The Lynn Canal Community Players are at it again. On the heels of a moody, period drama set in Spain, comes a darkish comedy in France. After a packed, one-month rehearsal schedule, the troupe is set to hit the stage for the opening weekend of ‘Incorruptible, a Dark Comedy About the Dark Ages.’
Apparently, it’s easier to find human bones, or replicas of human bones, in Haines than it is to find a handful of monks. Who knew?
“There are a lot of people with skeletons in their closets,” says Amanda Randles, who was faced with both those challenges in the not-so-distant past. But as any good director does, she pulled through in the name of local theater.
“It’s hard to find a monk in Haines, but I found five fabulous, wonderful monks,” she says. “I put the word out that we needed some bones that we at least vaguely human-sized for this and I have been getting phone calls from a fascinating cross-section of the community that happen to have bones.”
Incorruptible, a Dark Comedy About the Dark Ages, written by Michael Hollinger, takes place in 1250 AD, and fell into Randles’ lap about four years ago. Well, she bought the script after a friend hounded her to go see the play in Oregon, but, since then, she’s been scheming on just how, where, and when she could stage the show.
“This is a monastery in the village of Priseaux, and the monastery is down on their luck. They’ve had floods, they’ve had all sorts of problem go on. And their saint hasn’t worked a miracle in 13 years, and the pilgrims aren’t coming anymore and so the monastery is going broke. And so, this is about their plan and scheme to get the monastery back on their feet.”
Essentially, and without giving too much away, the monks dig up run-of-the-mill skeletons and try to pawn them off as saint relics to get some quick cash and climb out of the red. And with plenty of twists, turns, and hijinks, hilarity ensues.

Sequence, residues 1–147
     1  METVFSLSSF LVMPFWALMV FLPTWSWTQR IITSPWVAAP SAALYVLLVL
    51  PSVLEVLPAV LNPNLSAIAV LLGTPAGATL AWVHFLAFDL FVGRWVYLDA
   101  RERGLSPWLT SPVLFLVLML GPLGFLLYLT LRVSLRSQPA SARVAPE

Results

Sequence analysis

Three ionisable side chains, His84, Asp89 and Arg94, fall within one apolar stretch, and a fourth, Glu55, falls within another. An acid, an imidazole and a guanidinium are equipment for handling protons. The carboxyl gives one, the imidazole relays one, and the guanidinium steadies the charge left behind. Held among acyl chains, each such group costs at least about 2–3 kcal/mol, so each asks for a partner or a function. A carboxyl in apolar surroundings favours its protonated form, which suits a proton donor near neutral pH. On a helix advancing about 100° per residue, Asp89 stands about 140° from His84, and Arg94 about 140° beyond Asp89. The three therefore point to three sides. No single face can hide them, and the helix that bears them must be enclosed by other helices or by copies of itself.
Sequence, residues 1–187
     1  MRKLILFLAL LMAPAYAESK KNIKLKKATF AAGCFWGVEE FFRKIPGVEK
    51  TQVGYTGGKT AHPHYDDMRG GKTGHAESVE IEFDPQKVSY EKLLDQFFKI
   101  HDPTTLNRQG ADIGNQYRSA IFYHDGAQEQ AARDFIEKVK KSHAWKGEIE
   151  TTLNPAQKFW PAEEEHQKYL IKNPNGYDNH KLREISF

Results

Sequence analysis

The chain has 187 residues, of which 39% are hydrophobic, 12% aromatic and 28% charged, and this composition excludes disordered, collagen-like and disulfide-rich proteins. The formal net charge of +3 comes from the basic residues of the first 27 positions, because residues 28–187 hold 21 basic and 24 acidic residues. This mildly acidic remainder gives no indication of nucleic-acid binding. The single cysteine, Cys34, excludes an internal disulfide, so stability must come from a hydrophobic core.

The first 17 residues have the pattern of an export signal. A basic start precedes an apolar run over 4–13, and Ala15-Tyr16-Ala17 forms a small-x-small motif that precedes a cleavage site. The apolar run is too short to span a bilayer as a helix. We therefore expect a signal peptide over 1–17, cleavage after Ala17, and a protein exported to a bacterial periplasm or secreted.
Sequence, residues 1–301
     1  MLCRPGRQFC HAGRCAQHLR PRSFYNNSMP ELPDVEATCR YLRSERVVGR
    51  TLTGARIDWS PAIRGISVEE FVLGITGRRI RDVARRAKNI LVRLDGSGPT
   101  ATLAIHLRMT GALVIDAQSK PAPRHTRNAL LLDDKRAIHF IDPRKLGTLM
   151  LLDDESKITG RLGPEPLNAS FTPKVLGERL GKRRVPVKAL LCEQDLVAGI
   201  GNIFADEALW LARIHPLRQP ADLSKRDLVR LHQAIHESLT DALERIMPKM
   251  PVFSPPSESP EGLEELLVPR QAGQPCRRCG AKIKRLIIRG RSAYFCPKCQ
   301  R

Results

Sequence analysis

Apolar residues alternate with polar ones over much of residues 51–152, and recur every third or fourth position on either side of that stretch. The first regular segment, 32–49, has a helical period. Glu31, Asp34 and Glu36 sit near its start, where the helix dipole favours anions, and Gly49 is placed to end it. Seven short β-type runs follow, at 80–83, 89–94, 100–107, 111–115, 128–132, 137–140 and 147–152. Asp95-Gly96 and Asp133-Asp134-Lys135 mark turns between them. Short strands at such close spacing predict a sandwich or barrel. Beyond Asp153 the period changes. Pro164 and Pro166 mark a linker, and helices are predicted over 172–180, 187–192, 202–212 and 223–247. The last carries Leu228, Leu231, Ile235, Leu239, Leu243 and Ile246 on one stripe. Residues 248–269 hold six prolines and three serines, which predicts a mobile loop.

A couple of months ago, while Randles was acting in the Community Players’ last production – The House of Bernarda Alba – she saw her chance to tackle Incorruptible.
“I’ve always had it in the back of my mind because it’s this really cool script because it’s really funny and silly and when we were putting together Bernarda Alba, some of the people who were in the cast for that, one in particular, I saw and thought ‘ah, there’s my Agatha!’”
Mother Agatha is played by Suzanne Newton.
“I took it home and read it, and I thought ‘That’s not even a part, that’s me. That’s my life,'” says Newton. “Being this large, surly woman who doesn’t take a lot of baloney off anyone, but dishes it out a lot fit really well. And it’s fun. It’s just a whole lot of fun.”
Newton says a prominent theme throughout the show is the rivalry between siblings in the village who both run religious institutions. They both need to raise money to feed the poor villagers.
“So there’s a huge rivalry to come up with saints, to come up with that money. So, there’s not a lot of them to go around, not a lot of miracles, so we make our own. Sort of. Kind of. A little bit.”
While the humor is described by those involved as silly, and “Monty Pythonesque,” the play gently pokes fun at religion.
“I hope people take the play in the right spirit,” says cast member Mark Zeiger. “As I said, I’m an Ecclesiastical offspring, and I’ve seen people get upset about far less than what is going on in this play. But, there’s nothing controversial, it’s based on things that really did happen, and it’s a comedy.”
Zeiger, a minister’s son in real life, who plays Father Charles, the Abbot of the village. He says he got his start in local theatre early in life, playing the baby Jesus in a Fairbanks production when he was just two months old.
“So, this role, as the mere Abbot, is quite a comedown.”
Jokes aside, which is admittedly difficult with this group, Zeiger says it was all he could do to keep from begging for a role in Incorruptible.
Madeline Witek also jumped at the chance to showcase her comedic talents. She was one of several cast members that hopped from February’s Bernarda Alba production, head first into this one. But this role – she plays Marie, the wife-of-sorts to the minstrel Jack – is very different, she says. Less crying, more slapstick.
“I’ve never had to play dead on stage for this long, and have so much happen to me that I’m not supposed to react to,” Witek says.
So, we’ve got grave-robbing monks who manage to rationalize their antics for the greater good. Throw in plenty of physical humor, one-line zingers, and cheeky satire, and it’s a recipe for a good time.
Oh, and one more thing. Director Randles, who describes herself as chief cook and bottlewasher, also makes an appearance in the show. She plays the Pope.
The play runs this weekend, May 6th and 7th and next Friday and Saturday, as well. The show starts at 7 p.m. at the Chilkat Center for the Arts on all four nights with tickets available at the door.